If the draft legislation was a reaction to the fear of a potential digitally-driven revolution in Iraq, then such fears are unfounded at this time. Baghdad is not Cairo and Basra is not Aleppo. Hayder Hamzoz, an Iraqi refugee living in Malmö, Sweden and coordinator of the Iraqi Network for Social Media explains: “The Iraqis are following the protests in the other Arab countries very closely, but at the end of the day they are concentrating on the situation and the problems in Iraq.”

Among the problems placing higher demands on the attention of the Iraqis at present are the continuing conflict between Shiites and Sunnis and, above all, the corruption that is rampant in the country and which repeatedly brings activists out onto the streets. During the American occupation, many Iraqis still frequently used blogs to report as civilian journalists on the realities of the civil war. These days, the debate has moved more and more to the somewhat less public forum provided by Facebook.

While almost two million Iraqis have a Facebook account, a central political mass movement has not yet emerged from the trend. Amir Lemina, a journalist at the Kurdish newspaper Al Awat explains: “Protest on Facebook doesn’t really happen in groups. It happens mainly on each person’s own Facebook profile.”

Examinations of the Arab Spring nevertheless show that in countries like Egypt and Tunisia, the internet was able to play such a crucial role as a political tool because activists were able to use the mobile broadband internet to post information, photos and videos online directly.

This won’t be the case in Iraq for some time to come. Although almost 80 percent of the population has a mobile phone, only one user in 50 can benefit from the mobile UMTS network because of the smaller bandwidth and the prohibitive usage fees. An initiative aimed at expanding mobile broadband access has been tangled up for months, with the government and mobile services providers unable to agree on the financials for a deal. The allegation of corruption has been raised again in regard to this issue. A clearly exasperated representative of the mobile telecommunications industry recently declared that “there’s a strategic decision that the government needs to make. Do I want to develop the sector to accelerate the growth Iraq is experiencing, or do I just want to put money in my pocket and delay’s Iraq’s arrival in the 21st century?”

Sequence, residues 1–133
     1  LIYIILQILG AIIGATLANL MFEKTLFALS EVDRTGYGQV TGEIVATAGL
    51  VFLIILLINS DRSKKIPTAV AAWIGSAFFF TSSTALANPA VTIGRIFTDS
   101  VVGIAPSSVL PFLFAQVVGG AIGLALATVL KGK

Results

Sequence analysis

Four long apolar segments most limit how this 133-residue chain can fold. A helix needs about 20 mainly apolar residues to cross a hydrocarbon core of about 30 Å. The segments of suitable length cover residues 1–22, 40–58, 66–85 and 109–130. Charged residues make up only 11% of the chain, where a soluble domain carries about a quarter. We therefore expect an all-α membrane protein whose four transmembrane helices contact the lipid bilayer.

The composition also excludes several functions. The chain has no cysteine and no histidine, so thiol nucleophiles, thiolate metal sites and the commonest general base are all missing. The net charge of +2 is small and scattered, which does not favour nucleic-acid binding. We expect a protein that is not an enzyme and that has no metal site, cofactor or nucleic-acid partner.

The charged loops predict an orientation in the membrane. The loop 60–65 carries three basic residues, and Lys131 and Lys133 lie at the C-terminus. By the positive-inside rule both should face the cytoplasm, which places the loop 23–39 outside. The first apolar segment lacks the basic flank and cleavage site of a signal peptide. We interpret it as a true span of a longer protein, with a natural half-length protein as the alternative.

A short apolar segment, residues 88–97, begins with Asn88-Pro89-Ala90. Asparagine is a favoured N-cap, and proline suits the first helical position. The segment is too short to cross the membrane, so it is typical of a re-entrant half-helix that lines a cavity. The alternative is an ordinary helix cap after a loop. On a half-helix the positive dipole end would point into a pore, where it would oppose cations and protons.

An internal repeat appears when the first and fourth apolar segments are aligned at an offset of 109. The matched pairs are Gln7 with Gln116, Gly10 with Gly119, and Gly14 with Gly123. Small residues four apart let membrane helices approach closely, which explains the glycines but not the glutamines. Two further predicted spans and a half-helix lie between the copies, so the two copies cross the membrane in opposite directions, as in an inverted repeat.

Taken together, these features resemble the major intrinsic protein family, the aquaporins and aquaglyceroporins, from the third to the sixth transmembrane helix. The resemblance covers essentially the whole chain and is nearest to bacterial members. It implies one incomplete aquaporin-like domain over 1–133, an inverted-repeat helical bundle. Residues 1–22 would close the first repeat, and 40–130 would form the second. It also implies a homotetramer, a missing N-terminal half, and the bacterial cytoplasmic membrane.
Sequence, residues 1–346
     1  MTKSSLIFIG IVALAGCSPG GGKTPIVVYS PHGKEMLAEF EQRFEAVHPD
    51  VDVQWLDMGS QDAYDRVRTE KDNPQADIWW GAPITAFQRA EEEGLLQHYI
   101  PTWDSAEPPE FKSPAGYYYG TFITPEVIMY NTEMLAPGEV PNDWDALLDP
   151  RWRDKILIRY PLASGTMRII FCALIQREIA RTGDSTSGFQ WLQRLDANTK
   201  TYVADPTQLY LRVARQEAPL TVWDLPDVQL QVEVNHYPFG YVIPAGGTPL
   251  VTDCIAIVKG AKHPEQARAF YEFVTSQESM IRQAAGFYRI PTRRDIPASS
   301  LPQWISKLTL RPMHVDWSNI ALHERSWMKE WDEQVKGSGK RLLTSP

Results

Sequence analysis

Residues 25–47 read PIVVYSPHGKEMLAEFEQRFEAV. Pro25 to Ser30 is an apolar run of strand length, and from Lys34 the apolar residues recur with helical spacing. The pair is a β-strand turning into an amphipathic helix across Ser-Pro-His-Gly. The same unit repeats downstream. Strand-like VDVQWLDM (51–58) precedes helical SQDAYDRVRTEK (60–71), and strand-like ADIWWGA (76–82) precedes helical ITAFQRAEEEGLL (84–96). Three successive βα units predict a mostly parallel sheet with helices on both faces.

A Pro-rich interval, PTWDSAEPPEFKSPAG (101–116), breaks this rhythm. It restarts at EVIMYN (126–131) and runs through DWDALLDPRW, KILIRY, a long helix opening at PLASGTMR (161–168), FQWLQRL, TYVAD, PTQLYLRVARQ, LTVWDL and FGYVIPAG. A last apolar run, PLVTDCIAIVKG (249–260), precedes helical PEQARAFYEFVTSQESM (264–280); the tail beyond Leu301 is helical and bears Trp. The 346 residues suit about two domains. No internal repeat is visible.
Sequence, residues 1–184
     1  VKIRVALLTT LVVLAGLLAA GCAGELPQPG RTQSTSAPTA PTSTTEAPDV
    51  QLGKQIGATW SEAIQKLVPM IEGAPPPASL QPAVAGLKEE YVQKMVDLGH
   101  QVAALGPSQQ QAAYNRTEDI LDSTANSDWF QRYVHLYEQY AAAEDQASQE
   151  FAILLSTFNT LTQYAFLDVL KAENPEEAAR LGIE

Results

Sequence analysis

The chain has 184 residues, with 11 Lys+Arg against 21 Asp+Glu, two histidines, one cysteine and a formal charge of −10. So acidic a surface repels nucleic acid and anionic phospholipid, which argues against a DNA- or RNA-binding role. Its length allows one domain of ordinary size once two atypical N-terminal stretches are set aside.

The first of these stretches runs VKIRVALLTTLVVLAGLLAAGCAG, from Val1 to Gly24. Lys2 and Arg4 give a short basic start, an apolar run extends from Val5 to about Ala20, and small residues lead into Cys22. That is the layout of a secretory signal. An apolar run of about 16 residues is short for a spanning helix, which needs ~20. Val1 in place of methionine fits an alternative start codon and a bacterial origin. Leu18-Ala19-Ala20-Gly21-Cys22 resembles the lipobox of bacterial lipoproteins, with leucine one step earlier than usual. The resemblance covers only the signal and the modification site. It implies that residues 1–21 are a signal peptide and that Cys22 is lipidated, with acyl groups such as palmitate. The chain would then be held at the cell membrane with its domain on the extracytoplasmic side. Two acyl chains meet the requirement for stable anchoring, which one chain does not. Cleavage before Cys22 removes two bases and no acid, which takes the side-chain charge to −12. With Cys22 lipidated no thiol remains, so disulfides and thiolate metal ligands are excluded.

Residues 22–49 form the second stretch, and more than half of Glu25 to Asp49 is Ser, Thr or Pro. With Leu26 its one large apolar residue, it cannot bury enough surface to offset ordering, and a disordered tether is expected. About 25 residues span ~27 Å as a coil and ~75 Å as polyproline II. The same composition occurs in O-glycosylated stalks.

You certainly dosn’t have to believe in conspiracy theories to predict a rocky road for Iraq on the way to its own internet revolution.

Iraq 2.0

Digital revolution without revolutionaries

Posted on 08.03.2013

In a decade characterised by war and instability, Iraq missed the boat to the digital world. Yet the fact that this is now destined to change has some Iraqi politicians worried.

By Jan Hendrik Hinzel and Johannes Kuhn

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Süddeutsche Zeitung

Né à Munich, en 1945, le “journal intellectuel du libéralisme de gauche allemand” est un grand quotidien de référence du pays. Réputé pour son indépendance, la SZ se distingue par sa célèbre “Streiflicht”, chronique d’humeur paraissant chaque jour sur la une, et sa page 3 de grands reportages. Le traitement de l’information nationale et internationale y tient une large place. Certains articles du site web sont enrichis de vidéos signées SZ. Un site spécial est également dédié aux jeunes, jetzt.de.